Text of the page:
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Using Texting Technology To Improve Human Connection

Can I Text Him First Or Should He Make The First Contact?

You’ve just met him.

He’s tall. He’s dark. He’s handsome.

He makes you laugh and he has an amazing smile that makes you feel like a giddy school girl every time he looks at you.

You’ve exchanged phone numbers and you want so desperately to talk to him again, but now you’re facing a dilemma…

Can I text him first or does he need to make the first move?

Great question so let’s dig into it.

Does It Matter If You Text Him First?

Some people argue the guy should always make the first move, even when it comes to texting and if you text him first, then you’re making a big mistake.

I respectfully disagree…

Maybe it’s the youngster in me (although I’m quickly approaching middle-aged), but I think people who believe a guy should always text a girl first are still living with the dinosaurs. This isn’t the time of “Leave It To Beaver” anymore.

Guys like to know you’re interested in them just as much as you want to know he’s interested in you. Being liked, wanted, and desired is a basic human need that BOTH men and women share.

With the onset of technology, dating has changed a lot. Gender roles aren’t as defined as they used to be. Does a man always have to drive the car? Does a woman always have to do the laundry?

In my opinion, if you like someone it doesn’t matter who texts who first.

Women tend to over-analyze relationships. Every little detail becomes a testing ground for interpretation and scrutiny.

Can I text him first? I did and he took exactly 32 minutes and 54 seconds to text me back. What does that mean? Does it mean he’s not that interested in me? Should I not have texted him?

A bit dramatic with my example? Maybe, but I think you get the idea.

You aren’t going to annoy him with one text (unless it’s something like “we need to talk” or “how do you feel about me” which both scare the bejesus out of men) or kill off all the attraction by initiating contact. Check out this letter from expert Mimi Tanner for some ideas on flirting with guys.

Just remember, if you text him first and he doesn’t respond, don’t follow up with a bunch of text messages asking him why he’s not texting you back. That annoys the hell out of guys.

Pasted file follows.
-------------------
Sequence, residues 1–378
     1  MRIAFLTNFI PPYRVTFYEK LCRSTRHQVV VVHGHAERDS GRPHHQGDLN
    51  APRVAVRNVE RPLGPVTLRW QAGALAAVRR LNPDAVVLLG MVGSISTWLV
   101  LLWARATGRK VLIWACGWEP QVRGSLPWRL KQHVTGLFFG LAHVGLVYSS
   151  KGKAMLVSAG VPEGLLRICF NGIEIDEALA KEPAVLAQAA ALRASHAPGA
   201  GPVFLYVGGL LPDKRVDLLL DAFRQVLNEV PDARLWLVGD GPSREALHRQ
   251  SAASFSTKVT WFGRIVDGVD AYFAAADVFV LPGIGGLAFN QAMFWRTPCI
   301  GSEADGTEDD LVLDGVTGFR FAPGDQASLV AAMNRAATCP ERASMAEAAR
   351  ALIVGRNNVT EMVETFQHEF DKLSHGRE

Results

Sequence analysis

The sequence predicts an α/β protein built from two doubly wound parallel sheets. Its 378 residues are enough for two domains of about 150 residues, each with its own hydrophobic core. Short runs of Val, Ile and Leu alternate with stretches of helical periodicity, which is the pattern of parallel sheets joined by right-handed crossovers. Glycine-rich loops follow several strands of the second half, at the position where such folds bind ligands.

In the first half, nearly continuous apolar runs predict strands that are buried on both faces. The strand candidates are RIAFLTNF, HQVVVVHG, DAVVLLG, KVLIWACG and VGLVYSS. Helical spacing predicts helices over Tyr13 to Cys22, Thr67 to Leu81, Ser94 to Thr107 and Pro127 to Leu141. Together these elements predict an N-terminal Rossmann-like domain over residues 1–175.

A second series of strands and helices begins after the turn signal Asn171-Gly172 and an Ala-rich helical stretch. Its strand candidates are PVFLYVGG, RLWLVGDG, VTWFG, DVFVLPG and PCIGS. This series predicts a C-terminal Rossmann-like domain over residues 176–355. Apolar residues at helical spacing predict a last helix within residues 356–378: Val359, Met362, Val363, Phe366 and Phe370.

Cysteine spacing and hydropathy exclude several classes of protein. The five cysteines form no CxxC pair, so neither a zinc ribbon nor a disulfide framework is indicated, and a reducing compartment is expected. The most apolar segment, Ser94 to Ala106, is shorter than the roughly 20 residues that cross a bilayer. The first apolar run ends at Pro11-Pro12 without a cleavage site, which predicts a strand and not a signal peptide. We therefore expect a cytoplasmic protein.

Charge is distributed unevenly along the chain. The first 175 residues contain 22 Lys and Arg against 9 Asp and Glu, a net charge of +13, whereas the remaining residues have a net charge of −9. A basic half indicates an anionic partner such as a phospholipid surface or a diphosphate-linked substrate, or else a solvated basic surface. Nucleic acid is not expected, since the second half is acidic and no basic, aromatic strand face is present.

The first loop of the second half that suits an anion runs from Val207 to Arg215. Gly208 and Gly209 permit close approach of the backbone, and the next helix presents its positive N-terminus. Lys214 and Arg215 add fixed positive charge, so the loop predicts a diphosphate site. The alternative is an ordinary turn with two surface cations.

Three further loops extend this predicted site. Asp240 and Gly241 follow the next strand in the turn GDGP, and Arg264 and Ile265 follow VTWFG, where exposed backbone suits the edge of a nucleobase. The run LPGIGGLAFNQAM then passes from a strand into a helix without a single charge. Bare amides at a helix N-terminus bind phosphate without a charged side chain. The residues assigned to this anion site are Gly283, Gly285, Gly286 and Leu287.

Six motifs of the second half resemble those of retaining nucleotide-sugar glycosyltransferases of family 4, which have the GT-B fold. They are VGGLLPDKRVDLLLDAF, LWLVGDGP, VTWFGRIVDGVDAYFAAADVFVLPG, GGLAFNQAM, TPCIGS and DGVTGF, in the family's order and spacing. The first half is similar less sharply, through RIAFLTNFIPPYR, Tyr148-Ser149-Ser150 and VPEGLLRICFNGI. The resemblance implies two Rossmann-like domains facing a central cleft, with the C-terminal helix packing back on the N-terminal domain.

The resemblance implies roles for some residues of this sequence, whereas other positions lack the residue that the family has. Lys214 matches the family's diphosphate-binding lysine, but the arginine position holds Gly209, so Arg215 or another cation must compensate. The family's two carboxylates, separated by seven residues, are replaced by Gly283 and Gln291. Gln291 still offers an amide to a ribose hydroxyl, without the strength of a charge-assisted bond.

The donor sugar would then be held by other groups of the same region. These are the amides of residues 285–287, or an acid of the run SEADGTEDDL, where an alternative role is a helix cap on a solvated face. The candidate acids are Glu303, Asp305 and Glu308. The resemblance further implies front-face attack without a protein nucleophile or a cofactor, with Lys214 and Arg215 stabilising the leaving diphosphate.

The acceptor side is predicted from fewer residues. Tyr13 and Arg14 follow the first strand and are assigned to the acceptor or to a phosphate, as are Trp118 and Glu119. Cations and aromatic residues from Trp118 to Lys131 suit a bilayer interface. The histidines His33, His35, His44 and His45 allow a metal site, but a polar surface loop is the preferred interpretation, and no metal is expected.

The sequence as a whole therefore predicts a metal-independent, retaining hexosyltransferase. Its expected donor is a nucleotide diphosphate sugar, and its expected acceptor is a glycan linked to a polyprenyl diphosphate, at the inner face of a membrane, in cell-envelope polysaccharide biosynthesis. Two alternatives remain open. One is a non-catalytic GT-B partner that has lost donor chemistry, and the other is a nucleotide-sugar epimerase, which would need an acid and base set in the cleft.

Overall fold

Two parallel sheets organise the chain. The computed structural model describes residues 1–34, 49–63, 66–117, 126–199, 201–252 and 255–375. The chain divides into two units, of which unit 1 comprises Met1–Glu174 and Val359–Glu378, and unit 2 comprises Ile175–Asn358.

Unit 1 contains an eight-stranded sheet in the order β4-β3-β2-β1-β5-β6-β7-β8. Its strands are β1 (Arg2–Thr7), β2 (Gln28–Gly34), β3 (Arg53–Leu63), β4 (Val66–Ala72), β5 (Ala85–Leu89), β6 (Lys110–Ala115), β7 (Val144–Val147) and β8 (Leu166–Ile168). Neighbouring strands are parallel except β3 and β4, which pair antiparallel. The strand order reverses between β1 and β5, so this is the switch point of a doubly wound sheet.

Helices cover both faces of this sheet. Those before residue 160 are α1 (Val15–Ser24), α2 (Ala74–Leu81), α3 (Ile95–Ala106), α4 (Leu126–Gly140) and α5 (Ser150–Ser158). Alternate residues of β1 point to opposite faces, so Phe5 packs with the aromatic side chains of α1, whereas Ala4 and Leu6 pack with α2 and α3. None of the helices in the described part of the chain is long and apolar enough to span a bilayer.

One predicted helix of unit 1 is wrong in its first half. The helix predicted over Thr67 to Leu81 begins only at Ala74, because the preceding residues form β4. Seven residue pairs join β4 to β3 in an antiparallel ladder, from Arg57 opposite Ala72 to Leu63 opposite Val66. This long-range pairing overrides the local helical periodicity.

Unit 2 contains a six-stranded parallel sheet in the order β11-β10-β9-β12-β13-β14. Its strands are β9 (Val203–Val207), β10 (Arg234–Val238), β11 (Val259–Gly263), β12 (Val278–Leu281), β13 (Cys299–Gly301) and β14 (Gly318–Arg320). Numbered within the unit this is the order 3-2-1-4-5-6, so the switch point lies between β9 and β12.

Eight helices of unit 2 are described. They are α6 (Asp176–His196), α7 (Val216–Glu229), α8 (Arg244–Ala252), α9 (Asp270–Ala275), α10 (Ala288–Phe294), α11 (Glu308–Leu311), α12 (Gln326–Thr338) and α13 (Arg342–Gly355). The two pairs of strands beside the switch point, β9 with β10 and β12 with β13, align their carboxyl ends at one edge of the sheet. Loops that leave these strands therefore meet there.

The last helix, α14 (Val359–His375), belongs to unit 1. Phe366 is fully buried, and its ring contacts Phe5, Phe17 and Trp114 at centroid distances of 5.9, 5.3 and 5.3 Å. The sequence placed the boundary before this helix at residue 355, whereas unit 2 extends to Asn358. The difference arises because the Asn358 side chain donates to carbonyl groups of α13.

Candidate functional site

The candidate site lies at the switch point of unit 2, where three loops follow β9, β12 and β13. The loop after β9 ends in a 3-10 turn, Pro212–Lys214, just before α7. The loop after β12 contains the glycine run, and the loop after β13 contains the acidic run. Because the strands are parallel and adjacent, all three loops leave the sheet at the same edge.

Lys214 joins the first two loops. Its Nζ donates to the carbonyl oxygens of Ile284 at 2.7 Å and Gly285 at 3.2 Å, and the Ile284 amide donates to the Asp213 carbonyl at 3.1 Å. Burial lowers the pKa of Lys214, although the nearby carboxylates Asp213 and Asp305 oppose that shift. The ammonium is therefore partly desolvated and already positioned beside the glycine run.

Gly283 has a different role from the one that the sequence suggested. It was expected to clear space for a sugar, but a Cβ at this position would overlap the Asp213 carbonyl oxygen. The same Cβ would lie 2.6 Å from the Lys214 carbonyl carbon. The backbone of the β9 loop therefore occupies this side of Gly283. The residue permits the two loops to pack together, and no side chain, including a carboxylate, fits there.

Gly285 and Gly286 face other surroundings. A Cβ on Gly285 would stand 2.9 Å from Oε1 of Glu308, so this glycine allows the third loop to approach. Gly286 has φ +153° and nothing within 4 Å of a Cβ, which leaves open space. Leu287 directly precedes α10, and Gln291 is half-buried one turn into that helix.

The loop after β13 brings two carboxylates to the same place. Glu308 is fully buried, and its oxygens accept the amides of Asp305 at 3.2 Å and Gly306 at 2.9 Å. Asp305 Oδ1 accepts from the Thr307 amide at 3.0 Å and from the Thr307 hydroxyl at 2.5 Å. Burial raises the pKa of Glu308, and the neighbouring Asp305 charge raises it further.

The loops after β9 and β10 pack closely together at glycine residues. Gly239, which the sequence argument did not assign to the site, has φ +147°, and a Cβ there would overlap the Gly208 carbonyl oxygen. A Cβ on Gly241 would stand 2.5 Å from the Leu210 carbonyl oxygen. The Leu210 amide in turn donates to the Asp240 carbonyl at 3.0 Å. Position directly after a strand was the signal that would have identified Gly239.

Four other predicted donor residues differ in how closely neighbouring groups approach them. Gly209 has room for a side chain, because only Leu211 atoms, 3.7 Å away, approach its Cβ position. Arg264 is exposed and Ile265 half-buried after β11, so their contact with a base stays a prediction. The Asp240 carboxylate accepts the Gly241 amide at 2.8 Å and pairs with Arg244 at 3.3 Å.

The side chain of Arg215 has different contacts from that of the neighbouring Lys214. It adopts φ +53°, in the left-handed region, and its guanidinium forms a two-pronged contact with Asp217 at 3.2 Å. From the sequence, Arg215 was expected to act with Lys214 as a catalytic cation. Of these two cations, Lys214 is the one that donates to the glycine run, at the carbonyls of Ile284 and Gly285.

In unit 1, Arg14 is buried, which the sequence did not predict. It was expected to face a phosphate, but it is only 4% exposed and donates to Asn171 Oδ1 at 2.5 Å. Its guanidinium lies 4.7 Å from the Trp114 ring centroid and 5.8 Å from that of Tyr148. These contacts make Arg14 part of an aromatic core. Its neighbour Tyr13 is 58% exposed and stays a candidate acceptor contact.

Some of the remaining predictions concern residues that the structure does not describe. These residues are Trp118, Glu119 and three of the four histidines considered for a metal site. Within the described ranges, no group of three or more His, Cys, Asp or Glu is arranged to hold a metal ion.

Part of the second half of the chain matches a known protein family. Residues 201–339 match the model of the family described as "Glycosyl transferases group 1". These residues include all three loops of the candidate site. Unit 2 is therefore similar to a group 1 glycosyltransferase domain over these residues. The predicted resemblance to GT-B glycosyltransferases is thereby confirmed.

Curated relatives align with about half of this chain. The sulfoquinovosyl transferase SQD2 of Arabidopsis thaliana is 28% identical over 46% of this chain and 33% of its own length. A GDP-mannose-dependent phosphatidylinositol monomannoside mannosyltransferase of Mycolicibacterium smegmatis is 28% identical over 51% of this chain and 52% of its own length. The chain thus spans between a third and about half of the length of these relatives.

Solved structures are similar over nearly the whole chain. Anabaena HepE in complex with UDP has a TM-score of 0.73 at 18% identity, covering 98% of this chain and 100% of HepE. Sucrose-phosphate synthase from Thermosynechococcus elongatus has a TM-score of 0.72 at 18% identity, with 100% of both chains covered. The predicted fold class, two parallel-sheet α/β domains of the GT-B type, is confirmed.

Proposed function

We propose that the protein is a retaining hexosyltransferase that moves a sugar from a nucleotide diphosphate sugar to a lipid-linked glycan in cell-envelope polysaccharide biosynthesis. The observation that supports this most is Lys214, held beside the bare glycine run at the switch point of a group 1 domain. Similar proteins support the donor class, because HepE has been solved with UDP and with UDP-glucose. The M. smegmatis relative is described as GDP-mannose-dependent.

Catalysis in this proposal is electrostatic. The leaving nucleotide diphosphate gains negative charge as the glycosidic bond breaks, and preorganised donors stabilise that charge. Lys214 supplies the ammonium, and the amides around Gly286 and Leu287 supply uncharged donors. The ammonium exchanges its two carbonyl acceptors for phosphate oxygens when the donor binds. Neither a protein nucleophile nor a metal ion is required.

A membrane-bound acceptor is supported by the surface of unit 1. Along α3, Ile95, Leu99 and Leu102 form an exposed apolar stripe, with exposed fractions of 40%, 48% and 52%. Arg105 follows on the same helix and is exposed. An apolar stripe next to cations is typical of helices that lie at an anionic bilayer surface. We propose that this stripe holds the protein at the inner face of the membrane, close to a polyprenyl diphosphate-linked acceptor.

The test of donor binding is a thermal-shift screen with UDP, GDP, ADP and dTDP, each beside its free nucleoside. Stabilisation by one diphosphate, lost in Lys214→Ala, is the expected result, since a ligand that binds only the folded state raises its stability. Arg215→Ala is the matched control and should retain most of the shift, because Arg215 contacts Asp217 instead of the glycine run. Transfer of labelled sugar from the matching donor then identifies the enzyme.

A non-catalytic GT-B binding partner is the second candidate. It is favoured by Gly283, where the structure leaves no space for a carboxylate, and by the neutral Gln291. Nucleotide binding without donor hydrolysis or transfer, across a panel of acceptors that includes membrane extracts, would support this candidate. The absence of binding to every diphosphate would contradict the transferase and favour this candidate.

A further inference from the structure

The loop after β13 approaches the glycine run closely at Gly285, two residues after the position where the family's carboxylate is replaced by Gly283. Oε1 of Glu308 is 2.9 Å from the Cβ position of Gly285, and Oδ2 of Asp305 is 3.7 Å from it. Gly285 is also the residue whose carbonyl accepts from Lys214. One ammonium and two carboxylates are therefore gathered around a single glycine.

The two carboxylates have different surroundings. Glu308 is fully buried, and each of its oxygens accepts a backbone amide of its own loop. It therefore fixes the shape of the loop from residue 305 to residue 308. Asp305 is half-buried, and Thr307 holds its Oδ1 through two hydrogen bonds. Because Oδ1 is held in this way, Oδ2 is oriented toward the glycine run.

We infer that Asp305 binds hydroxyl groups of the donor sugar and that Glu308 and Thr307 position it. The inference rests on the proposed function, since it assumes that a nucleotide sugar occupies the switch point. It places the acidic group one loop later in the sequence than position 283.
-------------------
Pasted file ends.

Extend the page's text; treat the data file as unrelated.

A good rule of thumb is to never send more than 2 texts in a row without getting a response.

Should I Ask A Guy Out Over Text?

Although I don’t think it matters who initiates contact, I do still believe you should let a guy ask you out first because men have a biological need and desire to be the “pursuer” and many men feel emasculated if they feel like the woman is taking on the “man’s role”.

wiley tip - get him to ask you outBut that doesn’t mean you can’t initiate the contact, flirt with him, and drop him subtle (or not so subtle hints) that you’re interested to “persuade” him to ask you out.

Even a text as bold as, “Ya know, enter his name here, if you ever asked me out on a date, I might just say yes. ;)” By using the word “might” instead of making it a definitive yes, you are able to indicate your interest and at the same time tease him and remain a little mysterious without being “too available”.

If he responds with, “Might?” then follow it up with, “Yep. Might. ;)” Use emoticons to make sure he knows you are being playful. There’s a big difference in the way a text comes across that says, “Yep. Might.” and one that says, “Yep. Might. ;)” Just let him do the actual asking out.

I call this sort of thing “giving a man opportunities to ask you out”. Most men fear rejection, especially by a woman they are interested in and most men aren’t going to ask you out if you’re in a social circle or amongst friends because then they risk being embarrassed in front of everyone.

So if you’re interested in a man, show your interest and give him opportunities to be alone with you so he can ask you out. The private, personal nature of text messaging is great for this.

And if you want to text a guy first, but aren’t sure what to say, I highly recommend you check out some of the curiosity magnets and bait questions found in this program by Michael Fiore.

They work amazingly well as conversation starters.

See you in the next post,

One Comment

  1. I definitely agree with you here. I do think that some people who believe in these “unwritten gender roles” have to come on over to this century.

    But on the flip side, I find that a lot of people still secretly cling to them as modern as they claim to be. For example, women now believe that they can be the asker instead of the askee. But I think sometimes they miss being longed for and wooed once they take on the male role of asking him out.

    The same applies to men. I think men value an independent woman and will say it openly. But deep down they miss taking care of the woman and living up to their “manhood”